Recently, the Supreme Court in the two different judgements has raised concerns about the menace of criminalisation in politics.
• In one case, it found nine political parties guilty of contempt for not following in letter and spirit its February 13, 2020 direction.
• In another case, it has issued directions that no criminal case against MPs or MLAs can be withdrawn without an approval of the high court of the concerned state.

About the recent case (case 1)
The SC bench was hearing a pending PIL, seeking the establishment of fast-track courts for cases against legislators.
In November 2017, the Supreme Court had ordered the setting-up of Special Courts in each state to try the pending cases. Accordingly, 12 such courts were set up across the country.

About the withdrawal of cases against legislators
Various State governments have resorted to the withdrawal of numerous criminal cases pending against MP/MLA by utilising the power vested under Section 321 CrPC.
• Under Section 321, the public prosecutor or assistant public prosecutor may, with the consent of the court, withdraw from the prosecution of a case at any time before the judgment is pronounced.
For instance, In 2020, the Karnataka government decided to withdraw 61 cases, many of which were against elected representatives. Similarly, the Uttarakhand government had filed for withdrawing a murder case against a sitting MLA.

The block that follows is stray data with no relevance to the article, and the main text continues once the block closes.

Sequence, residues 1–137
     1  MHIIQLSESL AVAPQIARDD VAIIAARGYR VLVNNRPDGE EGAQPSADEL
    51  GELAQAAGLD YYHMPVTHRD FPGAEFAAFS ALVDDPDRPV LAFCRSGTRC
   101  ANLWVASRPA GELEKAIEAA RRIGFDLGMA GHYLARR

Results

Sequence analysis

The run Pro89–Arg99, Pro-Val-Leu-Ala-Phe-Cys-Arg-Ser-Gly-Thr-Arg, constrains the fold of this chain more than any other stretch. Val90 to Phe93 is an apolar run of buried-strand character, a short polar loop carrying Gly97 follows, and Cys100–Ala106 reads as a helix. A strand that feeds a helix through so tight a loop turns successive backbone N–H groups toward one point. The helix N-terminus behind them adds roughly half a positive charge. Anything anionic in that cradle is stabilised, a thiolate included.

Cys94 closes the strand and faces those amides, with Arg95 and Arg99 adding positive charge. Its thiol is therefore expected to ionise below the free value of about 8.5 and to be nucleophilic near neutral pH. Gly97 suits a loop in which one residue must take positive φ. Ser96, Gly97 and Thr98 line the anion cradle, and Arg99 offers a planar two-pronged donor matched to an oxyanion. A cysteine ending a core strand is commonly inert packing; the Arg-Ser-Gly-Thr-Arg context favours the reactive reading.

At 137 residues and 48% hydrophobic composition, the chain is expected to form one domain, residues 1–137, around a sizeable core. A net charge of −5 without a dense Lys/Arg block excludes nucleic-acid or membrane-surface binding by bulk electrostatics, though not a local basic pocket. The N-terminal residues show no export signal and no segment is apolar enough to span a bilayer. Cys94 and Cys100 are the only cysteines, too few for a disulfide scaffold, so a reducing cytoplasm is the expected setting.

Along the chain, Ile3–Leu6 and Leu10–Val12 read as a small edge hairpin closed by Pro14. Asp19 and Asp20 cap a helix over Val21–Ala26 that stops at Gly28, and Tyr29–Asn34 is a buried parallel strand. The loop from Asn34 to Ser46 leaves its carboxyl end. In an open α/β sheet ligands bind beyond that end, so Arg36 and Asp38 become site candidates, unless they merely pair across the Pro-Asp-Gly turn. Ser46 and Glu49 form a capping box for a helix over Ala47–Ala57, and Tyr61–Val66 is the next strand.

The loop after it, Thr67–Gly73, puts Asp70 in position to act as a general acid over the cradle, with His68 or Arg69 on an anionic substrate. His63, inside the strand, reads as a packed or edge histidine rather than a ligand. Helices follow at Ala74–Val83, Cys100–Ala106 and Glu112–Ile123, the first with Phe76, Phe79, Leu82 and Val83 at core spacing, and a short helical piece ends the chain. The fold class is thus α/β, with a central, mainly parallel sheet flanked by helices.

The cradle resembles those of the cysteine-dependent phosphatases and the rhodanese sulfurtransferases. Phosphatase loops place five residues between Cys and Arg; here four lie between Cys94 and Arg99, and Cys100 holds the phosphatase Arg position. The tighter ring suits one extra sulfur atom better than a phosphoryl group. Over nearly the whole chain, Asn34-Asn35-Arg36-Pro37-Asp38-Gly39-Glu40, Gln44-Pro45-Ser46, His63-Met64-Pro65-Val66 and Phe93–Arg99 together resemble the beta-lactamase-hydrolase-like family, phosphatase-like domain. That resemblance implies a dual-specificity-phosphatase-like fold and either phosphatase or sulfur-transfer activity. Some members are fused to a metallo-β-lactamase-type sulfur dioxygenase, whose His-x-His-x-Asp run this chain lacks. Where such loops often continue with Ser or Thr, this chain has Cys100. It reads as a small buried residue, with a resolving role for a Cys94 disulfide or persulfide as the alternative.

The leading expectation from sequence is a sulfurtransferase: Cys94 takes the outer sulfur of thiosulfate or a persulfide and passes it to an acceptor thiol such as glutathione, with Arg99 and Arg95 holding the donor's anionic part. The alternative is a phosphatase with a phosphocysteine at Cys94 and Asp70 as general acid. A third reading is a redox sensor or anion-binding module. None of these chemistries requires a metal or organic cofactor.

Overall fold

About the Supreme Court’s ruling:
• The court held that the power under Section 321 CrPC is a responsibility that is to be utilised in the public interest and cannot be used for extraneous and political considerations.
• To ensure expeditious disposal of pending cases, the SC directed the officers presiding over Special Courts or CBI Courts involving the prosecution of MPs or MLAs to continue in their present posts until further orders (No transfer is permitted). This direction will be subject to their superannuation or death.
• The court mentioned that CBI, ED and other central agencies delay filing status.
• The SC observed the following things.
o There are no details about the States or which is the oldest case.
o So, the SC directed the Centre to submit detailed reports on the cases registered by CBI, ED and other central agencies against MPs and MLAs. These cases range from corruption to money laundering.

About the transparency in elections (case 2):

In another case, the supreme court observed that criminalisation in the Indian political system is growing day by day. The Court also observed that “Persons involved in the criminalisation of the political system should not be permitted to be the lawmakers.”
To curb that, the February 2020 order of the SC required political parties to publish details of criminal cases against its candidates on their websites besides a local vernacular newspaper and a national newspaper and social media accounts. This has to be done within 48 hours of candidate selection or not less than two weeks before the first date for filing of nominations, whichever is earlier.

What is Criminalisation of Politics
• About:
o It means the participation of criminals in politics which includes that criminals can contest in the elections and get elected as members of the Parliament and the State legislature.